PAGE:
Top religious cleric in Saudi Arabia has ruled that chess is forbidden for Muslims because it is a 'waste of time' and promotes gambling. Grand mufti Abdul Aziz bin-Abdullah issued the fatwa ahead of a major chess tournament in Mecca tomorrow. He said the game was 'an opportunity to squander money' and fell under the category of gambling which is banned in the Qu'ran.
He added: 'The game of chess is a waste of time... it causes enmity and hatred between people.' Abdullah made the declaration while answering questions from viewers on his weekly show With His Eminence The Mufti, it was reported by The Middle East Eye.
Muslims often follow personal religious guidance given by senior clerics, but their declarations are not legally binding. Musa Bin Thaily, president of the law committee at the Saudi Chess Association, said a tournament would go ahead as planned tomorrow despite the fatwa, which he said was issued last month.
He said on Twitter: 'Many things are said to be illegal and religiously banned in #Saudi. 'For example, the religious society view, bans the public musical festivals, but they're everywhere, the view isn't enforced by the law.'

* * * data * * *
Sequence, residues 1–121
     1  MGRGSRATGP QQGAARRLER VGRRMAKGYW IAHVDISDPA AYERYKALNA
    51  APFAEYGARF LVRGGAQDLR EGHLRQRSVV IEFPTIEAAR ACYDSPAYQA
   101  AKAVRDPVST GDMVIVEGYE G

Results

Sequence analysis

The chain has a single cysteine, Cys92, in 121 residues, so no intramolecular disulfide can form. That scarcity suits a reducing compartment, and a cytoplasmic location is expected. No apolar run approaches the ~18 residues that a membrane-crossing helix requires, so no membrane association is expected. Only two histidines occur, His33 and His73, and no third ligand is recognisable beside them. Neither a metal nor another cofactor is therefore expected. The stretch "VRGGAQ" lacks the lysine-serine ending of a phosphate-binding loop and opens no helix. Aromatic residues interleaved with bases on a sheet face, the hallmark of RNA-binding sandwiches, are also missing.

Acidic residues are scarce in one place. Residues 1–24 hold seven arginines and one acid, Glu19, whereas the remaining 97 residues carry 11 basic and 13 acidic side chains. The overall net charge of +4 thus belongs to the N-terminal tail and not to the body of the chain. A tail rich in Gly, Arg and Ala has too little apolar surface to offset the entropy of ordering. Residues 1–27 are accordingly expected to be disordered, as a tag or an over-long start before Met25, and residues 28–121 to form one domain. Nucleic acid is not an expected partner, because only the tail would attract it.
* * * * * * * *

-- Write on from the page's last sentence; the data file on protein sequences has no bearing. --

He added that the Grand Mufti 'being an old man in his 80s' was unaware that players do not usually bet on the outcome of games. One of Britain's greatest ever chess players, Nigel Short, said banning chess in Saudi Arabia would be a 'great tragedy.'
He told BBC Radio 4's Today Programme: 'I don't consider chess to be a threat to society. It's not something that is so depraved as to corrupt morals.' Iran banned chess after the 1979 Islamic revolution because of it's association with gambling. But it was repealed by then supreme leader,
Ayatollah Rouhollah Khomeini, in 1988 on the condition it was not used as a conduit by gamblers.